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The other challenger, Sharon Gay, a lawyer, also said she would make crime fighting a top priority.
Ms. Bottoms, 51, was expected to build a formidable defense. She has a loyal ally in President Biden, whom she supported early on, and who repaid her loyalty with an appearance at a virtual fundraiser in March. Ms. Bottoms was briefly mentioned as a potential vice president and said she later turned down a cabinet position in the Biden administration.
Ms. Bottoms, who served as judge and councilor before narrowly winning the 2017 mayor election, is also blessed with one voice – measured, compassionate, slightly hurt, and permeated by her experience as a black daughter and mother – that seemed uniquely calibrated too be to tackle the challenges of the past year.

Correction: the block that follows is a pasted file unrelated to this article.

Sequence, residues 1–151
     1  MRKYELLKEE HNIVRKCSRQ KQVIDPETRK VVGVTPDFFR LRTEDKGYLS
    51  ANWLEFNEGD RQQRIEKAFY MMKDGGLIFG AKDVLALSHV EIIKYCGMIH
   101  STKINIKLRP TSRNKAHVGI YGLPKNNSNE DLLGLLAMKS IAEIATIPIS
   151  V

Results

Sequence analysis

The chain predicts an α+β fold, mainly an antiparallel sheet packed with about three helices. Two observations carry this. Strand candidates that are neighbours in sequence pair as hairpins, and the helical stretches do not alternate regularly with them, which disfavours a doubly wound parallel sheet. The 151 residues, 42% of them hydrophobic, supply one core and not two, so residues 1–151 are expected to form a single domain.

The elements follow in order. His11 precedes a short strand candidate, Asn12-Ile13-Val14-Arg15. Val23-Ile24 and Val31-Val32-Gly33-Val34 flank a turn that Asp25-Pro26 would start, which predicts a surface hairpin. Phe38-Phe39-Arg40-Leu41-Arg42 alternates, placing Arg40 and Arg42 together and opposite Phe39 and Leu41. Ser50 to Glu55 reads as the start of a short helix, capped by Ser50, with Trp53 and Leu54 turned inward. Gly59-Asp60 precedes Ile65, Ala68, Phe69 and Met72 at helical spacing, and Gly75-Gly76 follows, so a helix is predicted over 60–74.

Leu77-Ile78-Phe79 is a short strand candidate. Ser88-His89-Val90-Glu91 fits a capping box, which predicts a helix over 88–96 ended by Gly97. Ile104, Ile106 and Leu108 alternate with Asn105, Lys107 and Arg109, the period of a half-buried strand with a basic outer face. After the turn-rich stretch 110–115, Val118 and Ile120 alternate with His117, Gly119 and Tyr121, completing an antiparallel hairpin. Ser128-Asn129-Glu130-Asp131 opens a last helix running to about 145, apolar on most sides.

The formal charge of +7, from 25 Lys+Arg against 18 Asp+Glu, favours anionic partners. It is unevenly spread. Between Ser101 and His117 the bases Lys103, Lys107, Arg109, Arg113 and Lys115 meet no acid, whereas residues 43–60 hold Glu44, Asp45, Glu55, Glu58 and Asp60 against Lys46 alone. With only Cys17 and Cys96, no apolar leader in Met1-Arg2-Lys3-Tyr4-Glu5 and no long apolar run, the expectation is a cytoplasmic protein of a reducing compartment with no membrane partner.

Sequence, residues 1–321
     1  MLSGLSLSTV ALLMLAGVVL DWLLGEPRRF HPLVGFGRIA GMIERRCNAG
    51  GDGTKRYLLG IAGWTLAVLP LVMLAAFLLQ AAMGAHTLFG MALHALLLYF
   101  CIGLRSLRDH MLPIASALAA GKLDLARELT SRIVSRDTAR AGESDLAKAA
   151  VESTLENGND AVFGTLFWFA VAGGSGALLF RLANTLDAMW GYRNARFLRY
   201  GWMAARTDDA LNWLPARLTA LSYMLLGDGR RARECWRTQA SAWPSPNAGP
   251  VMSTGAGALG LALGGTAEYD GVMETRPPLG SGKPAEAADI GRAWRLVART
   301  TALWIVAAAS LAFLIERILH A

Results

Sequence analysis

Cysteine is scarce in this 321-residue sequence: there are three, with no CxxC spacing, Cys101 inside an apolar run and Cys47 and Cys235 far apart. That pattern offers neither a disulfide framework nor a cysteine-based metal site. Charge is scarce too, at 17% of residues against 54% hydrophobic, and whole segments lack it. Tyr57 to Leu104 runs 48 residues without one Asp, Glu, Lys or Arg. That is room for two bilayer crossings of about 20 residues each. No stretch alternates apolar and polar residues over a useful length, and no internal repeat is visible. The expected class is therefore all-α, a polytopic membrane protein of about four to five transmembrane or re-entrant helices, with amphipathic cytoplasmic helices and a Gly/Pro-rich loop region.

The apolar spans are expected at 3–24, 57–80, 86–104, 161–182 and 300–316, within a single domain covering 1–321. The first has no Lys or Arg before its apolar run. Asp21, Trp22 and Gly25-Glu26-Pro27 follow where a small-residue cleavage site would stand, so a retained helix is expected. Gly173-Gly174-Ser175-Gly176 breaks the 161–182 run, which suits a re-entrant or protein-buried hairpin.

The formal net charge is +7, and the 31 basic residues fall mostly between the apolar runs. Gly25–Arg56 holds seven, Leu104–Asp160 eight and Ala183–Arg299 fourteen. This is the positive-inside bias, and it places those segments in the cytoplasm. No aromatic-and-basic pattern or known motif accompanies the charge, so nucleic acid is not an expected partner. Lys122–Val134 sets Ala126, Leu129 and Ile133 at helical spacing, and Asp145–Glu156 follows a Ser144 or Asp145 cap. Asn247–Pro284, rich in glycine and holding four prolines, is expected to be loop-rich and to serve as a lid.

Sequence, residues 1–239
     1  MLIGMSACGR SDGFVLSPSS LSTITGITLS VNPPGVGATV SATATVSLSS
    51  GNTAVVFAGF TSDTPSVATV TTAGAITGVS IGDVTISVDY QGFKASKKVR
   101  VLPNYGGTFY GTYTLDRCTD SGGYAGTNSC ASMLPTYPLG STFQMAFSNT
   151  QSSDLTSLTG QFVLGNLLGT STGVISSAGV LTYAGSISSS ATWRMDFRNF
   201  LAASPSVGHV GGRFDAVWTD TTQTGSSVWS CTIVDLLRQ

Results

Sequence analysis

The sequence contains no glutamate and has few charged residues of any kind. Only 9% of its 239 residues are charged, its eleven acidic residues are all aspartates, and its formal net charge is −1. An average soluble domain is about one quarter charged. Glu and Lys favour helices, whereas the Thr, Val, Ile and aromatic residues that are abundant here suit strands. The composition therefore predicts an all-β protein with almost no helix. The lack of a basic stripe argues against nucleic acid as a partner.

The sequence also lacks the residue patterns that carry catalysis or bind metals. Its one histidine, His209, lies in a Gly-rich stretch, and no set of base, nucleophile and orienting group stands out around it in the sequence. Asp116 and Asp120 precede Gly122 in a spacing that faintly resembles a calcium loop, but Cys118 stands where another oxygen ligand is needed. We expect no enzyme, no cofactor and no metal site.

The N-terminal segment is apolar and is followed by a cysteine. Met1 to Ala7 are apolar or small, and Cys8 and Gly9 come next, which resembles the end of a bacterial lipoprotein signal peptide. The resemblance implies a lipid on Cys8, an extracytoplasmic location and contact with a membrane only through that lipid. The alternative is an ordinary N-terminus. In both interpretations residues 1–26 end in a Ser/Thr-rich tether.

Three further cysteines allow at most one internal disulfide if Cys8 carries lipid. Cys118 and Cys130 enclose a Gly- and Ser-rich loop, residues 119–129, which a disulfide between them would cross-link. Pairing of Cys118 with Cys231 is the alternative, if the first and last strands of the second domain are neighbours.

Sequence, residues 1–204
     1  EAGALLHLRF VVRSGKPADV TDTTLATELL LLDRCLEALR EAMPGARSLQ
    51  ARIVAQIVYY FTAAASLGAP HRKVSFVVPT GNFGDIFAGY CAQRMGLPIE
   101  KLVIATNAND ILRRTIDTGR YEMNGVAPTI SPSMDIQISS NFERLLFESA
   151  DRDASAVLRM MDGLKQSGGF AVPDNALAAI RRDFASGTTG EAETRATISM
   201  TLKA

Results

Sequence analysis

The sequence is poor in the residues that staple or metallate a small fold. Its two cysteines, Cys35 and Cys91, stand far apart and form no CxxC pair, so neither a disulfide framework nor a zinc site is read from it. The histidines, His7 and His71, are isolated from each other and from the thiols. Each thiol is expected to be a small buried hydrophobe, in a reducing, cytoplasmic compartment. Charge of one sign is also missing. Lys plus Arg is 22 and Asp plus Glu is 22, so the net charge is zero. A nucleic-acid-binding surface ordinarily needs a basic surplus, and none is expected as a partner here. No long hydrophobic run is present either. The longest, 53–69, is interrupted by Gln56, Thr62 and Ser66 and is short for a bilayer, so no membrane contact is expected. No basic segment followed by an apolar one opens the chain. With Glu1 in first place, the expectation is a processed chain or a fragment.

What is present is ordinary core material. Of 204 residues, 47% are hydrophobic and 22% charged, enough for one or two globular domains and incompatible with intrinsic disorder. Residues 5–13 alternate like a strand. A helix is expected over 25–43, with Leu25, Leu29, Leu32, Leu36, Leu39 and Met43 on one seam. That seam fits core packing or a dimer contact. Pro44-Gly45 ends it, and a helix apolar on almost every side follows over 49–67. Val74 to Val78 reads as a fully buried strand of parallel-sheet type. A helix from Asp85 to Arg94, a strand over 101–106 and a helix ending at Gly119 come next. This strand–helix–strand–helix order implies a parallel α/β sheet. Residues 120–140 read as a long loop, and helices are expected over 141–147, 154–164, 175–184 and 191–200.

After the Minneapolis police murder of George Floyd, Ms. Bottoms went on live television and became a national star speaking directly to protesters. Some of their demonstrations had fallen into lawlessness, with people breaking windows, spraying property and burning cars.
“When I saw the murder of George Floyd, I hurt like a mother hurt,” she said. She then scolded the protesters, insisting that they “go home” and study the rules of nonviolence as practiced by the leaders of the civil rights movement.
Mr Biden was one of several national figures who were noted. “We saw her stand and speak out in the summer full of protests and pain,” said the president at the fundraiser in March.
However, the challenges were numerous.
On June 12, shortly after Mr. Floyd’s death, a white Atlanta police officer shot and killed a black man, Rayshard Brooks, in the parking lot of a fast food restaurant. Protests and violence broke out, and the Bottoms administration fired officer Garrett Rolfe the day after the shooting. (This week, the city’s public services agency reinstated officer Rolfe, who was accused of murder, because the administration violated his procedural rights.)